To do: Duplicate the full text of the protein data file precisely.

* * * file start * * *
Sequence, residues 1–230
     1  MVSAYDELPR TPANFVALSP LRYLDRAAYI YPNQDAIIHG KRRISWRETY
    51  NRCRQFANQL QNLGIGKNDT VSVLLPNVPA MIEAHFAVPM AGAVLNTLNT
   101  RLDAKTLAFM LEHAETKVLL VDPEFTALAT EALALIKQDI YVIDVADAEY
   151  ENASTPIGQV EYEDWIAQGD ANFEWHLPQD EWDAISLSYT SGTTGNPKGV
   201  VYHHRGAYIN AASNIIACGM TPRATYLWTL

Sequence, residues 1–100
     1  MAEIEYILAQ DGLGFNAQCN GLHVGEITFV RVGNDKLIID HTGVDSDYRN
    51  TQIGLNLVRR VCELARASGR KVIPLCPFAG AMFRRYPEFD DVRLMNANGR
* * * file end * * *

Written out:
Sequence, residues 1–230
     1  MVSAYDELPR TPANFVALSP LRYLDRAAYI YPNQDAIIHG KRRISWRETY
    51  NRCRQFANQL QNLGIGKNDT VSVLLPNVPA MIEAHFAVPM AGAVLNTLNT
   101  RLDAKTLAFM LEHAETKVLL VDPEFTALAT EALALIKQDI YVIDVADAEY
   151  ENASTPIGQV EYEDWIAQGD ANFEWHLPQD EWDAISLSYT SGTTGNPKGV
   201  VYHHRGAYIN AASNIIACGM TPRATYLWTL

Sequence, residues 1–100
     1  MAEIEYILAQ DGLGFNAQCN GLHVGEITFV RVGNDKLIID HTGVDSDYRN
    51  TQIGLNLVRR VCELARASGR KVIPLCPFAG AMFRRYPEFD DVRLMNANGR